Advances in technology over the last decade have had a huge impact in the consumer world. Reality-altering innovations hit the scene in the 90’s but soon fizzled out. Now back on the playing field, virtual reality (VR) and augmented reality (AR) concepts are changing the training and education fields in both primary education and the corporate world. These two major players are causing shifts in how and where learning takes place.
VR and AR- The Differences
Virtual reality is a computer-simulated reality. Users “travel” to a different real or imaginary time and location. Artificial sensory input including sight, touch, sound, and smell are simulated for the experience.
Augmented reality, on the other hand, is the integration of digital technology in the user’s current environment. Computer generated sensory information is transmitted and blended with the real-time world, altering the user’s environment in some way.
VR Applications for eLearning
One compelling example of how virtual reality is being used to augment education is the WoofbertVR app. Designed to work with Samsung VR Gear, it is used by the Museum of Modern Art to bring art history and education to the masses.
Currently, students can use the VR Gear with the app to get an up close, personal look at many of the exhibits. Development will not stop there. Phillip Moses, lead developer, plans to introduce new functionality that will allow a more immersive experience, including the ability to have live tour guides interact with users in the VR world.
It’s easy to see the implications for this sort of technology for almost any sort of education and training. High school, college and university students could utilize it for almost anything, up to and including medical training. The implications for professional training are just as impressive – imagine being able to complete IT training with a hands-on application, without ever touching a server.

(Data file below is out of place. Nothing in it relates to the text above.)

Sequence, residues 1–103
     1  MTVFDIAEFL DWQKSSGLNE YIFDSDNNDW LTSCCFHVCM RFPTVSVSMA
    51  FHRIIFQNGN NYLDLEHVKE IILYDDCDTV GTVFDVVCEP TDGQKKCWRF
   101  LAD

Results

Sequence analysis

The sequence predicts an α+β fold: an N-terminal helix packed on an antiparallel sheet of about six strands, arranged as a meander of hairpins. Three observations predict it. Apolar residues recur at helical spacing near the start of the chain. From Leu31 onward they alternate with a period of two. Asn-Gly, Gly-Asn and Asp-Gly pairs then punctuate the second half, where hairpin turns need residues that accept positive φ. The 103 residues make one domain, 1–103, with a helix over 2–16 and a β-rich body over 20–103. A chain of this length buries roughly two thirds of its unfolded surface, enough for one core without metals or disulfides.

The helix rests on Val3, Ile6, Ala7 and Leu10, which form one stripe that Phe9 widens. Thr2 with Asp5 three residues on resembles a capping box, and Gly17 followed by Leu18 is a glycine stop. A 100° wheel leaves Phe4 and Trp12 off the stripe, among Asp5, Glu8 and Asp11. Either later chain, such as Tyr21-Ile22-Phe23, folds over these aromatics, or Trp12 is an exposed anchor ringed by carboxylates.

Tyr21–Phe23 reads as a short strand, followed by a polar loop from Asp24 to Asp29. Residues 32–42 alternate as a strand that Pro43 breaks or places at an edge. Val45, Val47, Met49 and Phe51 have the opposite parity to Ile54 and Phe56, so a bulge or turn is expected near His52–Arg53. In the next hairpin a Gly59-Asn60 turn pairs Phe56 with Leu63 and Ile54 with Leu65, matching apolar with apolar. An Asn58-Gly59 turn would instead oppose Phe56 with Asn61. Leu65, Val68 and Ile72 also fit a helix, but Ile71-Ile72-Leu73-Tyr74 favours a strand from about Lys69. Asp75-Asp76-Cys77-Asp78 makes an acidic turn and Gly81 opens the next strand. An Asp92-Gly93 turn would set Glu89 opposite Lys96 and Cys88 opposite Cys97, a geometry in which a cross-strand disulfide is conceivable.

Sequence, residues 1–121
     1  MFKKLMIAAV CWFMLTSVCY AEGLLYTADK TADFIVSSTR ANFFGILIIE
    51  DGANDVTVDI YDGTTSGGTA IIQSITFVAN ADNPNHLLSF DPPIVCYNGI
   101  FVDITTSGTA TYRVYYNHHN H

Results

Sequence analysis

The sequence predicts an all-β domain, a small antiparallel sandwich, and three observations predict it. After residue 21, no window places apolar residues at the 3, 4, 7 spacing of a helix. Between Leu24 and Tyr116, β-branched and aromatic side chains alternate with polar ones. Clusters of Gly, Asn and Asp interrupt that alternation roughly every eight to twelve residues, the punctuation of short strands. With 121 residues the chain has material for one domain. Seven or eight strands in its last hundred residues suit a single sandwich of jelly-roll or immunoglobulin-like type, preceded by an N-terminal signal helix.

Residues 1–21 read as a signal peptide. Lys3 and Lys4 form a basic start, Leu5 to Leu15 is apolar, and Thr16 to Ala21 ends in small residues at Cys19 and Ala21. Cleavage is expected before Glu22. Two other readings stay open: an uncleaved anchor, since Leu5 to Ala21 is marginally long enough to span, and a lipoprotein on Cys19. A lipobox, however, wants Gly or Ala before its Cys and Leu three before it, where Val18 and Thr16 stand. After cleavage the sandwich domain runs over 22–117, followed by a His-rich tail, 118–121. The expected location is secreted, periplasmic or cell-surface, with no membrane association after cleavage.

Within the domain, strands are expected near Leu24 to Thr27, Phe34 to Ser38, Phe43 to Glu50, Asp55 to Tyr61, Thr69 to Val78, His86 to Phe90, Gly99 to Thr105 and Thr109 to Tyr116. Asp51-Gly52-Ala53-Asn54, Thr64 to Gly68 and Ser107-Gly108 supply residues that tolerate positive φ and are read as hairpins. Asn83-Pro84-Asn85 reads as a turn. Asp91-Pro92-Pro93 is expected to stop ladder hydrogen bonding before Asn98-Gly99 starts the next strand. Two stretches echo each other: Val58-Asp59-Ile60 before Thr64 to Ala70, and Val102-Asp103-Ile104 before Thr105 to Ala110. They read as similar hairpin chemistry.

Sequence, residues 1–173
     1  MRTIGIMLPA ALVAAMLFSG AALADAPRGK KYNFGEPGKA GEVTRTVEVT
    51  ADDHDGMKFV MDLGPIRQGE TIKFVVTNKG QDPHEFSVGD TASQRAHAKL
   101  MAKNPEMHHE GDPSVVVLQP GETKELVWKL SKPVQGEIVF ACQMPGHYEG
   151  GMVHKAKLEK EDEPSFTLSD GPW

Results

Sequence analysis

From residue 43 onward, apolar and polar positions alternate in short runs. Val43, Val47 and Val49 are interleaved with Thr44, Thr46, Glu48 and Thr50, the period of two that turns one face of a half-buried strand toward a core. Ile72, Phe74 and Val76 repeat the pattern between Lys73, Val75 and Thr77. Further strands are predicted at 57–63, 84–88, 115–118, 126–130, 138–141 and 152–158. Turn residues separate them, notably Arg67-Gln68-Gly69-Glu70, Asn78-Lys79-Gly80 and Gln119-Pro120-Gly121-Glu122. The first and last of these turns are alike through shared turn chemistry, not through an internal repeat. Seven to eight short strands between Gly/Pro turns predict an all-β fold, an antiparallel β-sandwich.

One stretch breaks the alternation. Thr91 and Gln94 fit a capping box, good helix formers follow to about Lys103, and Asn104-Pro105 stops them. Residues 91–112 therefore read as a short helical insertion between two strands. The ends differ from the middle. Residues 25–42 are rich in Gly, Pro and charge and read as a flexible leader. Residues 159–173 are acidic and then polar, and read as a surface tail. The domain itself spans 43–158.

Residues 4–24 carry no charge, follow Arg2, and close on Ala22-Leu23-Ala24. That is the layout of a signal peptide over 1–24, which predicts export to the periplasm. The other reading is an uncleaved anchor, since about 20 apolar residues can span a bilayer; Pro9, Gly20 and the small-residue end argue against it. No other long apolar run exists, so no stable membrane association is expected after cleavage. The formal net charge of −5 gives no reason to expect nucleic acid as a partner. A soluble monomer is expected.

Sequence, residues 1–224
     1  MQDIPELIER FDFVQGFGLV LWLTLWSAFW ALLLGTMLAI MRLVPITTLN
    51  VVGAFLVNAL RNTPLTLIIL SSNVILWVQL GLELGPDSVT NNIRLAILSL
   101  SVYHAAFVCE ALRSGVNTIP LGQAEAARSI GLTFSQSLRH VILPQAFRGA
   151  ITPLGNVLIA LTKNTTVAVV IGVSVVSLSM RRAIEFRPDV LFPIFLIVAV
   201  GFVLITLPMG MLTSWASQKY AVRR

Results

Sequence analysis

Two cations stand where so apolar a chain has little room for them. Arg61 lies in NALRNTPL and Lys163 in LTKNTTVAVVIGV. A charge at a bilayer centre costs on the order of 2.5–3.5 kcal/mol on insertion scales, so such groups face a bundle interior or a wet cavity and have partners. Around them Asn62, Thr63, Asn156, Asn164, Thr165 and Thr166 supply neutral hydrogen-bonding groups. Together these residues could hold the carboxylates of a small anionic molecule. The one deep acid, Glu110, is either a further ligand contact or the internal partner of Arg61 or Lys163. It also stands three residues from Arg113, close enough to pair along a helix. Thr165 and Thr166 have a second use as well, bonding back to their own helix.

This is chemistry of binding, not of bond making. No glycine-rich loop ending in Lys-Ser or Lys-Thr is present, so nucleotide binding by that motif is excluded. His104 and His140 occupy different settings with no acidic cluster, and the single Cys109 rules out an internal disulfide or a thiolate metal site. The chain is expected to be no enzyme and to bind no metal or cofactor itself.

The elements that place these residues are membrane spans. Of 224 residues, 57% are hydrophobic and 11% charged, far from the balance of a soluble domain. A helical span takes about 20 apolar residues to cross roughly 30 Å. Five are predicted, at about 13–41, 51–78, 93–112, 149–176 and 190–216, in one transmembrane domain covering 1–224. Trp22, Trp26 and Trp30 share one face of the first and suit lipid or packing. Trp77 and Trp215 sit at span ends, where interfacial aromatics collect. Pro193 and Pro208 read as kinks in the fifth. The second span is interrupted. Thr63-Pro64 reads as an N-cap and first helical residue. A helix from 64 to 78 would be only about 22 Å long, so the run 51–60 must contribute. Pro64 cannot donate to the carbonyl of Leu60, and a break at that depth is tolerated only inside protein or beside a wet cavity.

The New York Times is also getting in on the virtual reality action. Recently, the NYT Virtual Reality Team used Google Cardboard to showcase proprietary technology. The demonstration took place at the Granoff Center for the Creative Arts in early February, 2016 and gave students in the Refugees: A Twentieth Century History class the chance to watch The Displaced.
The Displaced is a made-for-VR movie that follows three refugee children and chronicles their daily struggles. Although only 11 minutes long, it was an immense hit with students and faculty. The emotional impact on students truly stood out. “It was different than the emotional reaction from a film,” explained one of the students. “You felt in the middle of it, as opposed to being a spectator.”
AR Applications for eLearning
GPS mapping is probably the most widely used consumer AR application and lays the foundation for other AR concepts because of the necessity for tracking the user’s current location and data. Digital information is superimposed onto real-life objects resulting in an altered experience.
The impact of AR technology on the eLearning world is limitless in terms of possibilities. For example, Augmented Reality Development Lab has partnered with companies such as Google, Microsoft, and Logitech to provide 3-D exploration kits for classrooms. These interactive sets come in a range of prices and allow students to create and explore 3-D models.
Smartphones with a QR code app allow users to participate in AR scavenger hunts. This offers the potential for employers to send employees on a mystery voyage through their workplace as a way to encounter and solve problems first hand.
AR technology will eventually slim down to the point that users only need tiny strips of glass over their eyes in order to experience all that a bulky headset can provide today. The ramifications for education and training on all levels are incredible.
The Future of VR and AR
Both VR and AR are technically still in their infancy. The hardware is not all that sophisticated and most of what’s on the market or currently in development must be connected to a PC or laptop. Don’t expect things to remain that way for long, though. Promises to free users from the screen entirely are near with innovations such as Google Class and Microsoft HoloLens.
That is perhaps the most important takeaway for designers and developers. Both VR and AR have the ability to make eLearners active participants rather than passive observers.